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Clark Park residents express concern over accessory dwelling unit regulation

Carolina Garibay / For CU-CitizenAccess

Some property owners are expressing concern about accessory dwelling units — small buildings on single housing property — while Champaign city officials move towards approving them.

The housing units have been promoted as a possible step towards more affordable housing and a way for family members to comfortably live together, especially during the COVID-19 pandemic. 

Accessory dwelling units, or ADUs, are secondary residential units on a one lot. They can either be an internal ADU, which exists in an existing home, an attached ADU, which would be attached to an existing home or a detached ADU, which would be a secondary home detached from an existing house.

The idea for ADUs came up in 2019 when the Champaign City Council adopted the goal of incremental development, said Rob Kowalski, assistant director of the Planning and Development department for the City of Champaign. He said ADUs are a big component of incremental development. 

“Incremental development is a popular growing trend within communities who are looking to allow small, incremental changes in neighborhoods to add housing and business in a way that doesn’t upset the original fabric of those neighborhoods,” Kowalski said in an email. 

To gauge Champaign’s interest in ADUs, City Planning sent out a survey in mid-August with questions about ADUs and what they might look like in Champaign. Kowalski said that about 65% to 70% of 1,513 participants seemed to indicate interest and support for ADUs.

States like Oregon and California have already adopted accessory dwelling units, and now the debate is on in Champaign, and some residents in the Clark Park neighborhood aren’t too happy about it.

Mike Reed, Clark Park resident of 40 years who took the survey, said he thought some of the questions were worded in a way that made disagreeing with the idea of ADUs difficult, such as affordable housing solutions and alternative living spaces for the elderly community. 

“Those things are great, and I support that,” Reed said. “The question is, how do you keep that from turning into duplex zoning? Overturning single family zoning is a big deal, and this’ll do away with single family zoning because you can build another dwelling unit on any property if you don’t have any restrictions.” 

Kowalski said that ADUs can help diversify neighborhoods both racially and economically, as well as create options that solve affordable housing issues. According to Kowalski, diversity has decreased in several cities across the country due to increased housing costs.

“The goal of accessory dwelling units is to introduce and allow smaller and more affordable housing types within neighborhoods that provides property owners a lot of flexibility,” Kowalski said.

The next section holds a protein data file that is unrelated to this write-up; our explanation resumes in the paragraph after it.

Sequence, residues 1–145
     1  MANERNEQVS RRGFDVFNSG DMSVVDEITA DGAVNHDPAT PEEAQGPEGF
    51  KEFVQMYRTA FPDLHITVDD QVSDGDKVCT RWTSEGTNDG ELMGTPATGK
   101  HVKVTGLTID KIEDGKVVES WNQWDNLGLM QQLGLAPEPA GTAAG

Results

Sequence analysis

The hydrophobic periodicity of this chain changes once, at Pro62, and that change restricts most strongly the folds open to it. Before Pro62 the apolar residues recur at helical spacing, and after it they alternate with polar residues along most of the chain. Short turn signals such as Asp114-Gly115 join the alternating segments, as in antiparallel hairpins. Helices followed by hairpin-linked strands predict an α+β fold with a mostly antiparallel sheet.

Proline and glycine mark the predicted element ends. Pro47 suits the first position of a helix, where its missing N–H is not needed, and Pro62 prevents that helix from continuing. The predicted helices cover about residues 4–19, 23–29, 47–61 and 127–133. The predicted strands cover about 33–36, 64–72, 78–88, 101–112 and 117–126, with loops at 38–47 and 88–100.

Along with affordable housing, Kowalski said ADUs can offer an alternative to expensive nursing homes or assisted living facilities for the elderly population by allowing them to live with loved ones on their property. 

“There’s even high demand for college graduates to be able to live at home again, but not necessarily in the basement type of ‘at home,’” Kowalski said. “So, they provide a lot of flexibility for multi-generational housing within a family as well as affordable housing options.”

Residents worry about unregulated neighborhood transformation

accessorydwellings.org An Accessory Dwelling Unit (ADU) built on top of a detached garage (right).

Reed said that he understands that the city council is moving towards incremental development with ADUs, but said he thinks the term incremental development is a “sleight of hand.”

“What you do is you say, ‘Well, we’re not going to allow more than five units per year, or three,’” Reed said. “’We know this isn’t right, but you guys will be gone by the time it gets to a level that’s not bearable or that has changed the neighborhood so much it’s a different kind of neighborhood.’”

Mike McMillen, a Clark Park resident, said that ADUs would allow a house to gain more square footage than is normally allowed for houses in the Clark Park neighborhood, whose lots aren’t very large to begin with.

“The properties get more and more cramped, which, you know, the city is looking for greater density, they want more taxes, I’m pretty sure,” McMillen said. “Basically, that’s the end of single-family properties because you can build another habitable space on your property.”

He said allowing a developer to produce two living units on the same property would change the character of Clark Park and would cause the natural greenery of the neighborhood to go away.